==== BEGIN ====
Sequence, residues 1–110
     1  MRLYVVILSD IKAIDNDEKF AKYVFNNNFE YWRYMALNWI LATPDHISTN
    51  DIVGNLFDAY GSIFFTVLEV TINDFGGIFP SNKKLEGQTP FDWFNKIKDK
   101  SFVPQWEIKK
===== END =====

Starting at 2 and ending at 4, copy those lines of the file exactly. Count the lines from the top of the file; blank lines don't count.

     1  MRLYVVILSD IKAIDNDEKF AKYVFNNNFE YWRYMALNWI LATPDHISTN
    51  DIVGNLFDAY GSIFFTVLEV TINDFGGIFP SNKKLEGQTP FDWFNKIKDK
   101  SFVPQWEIKK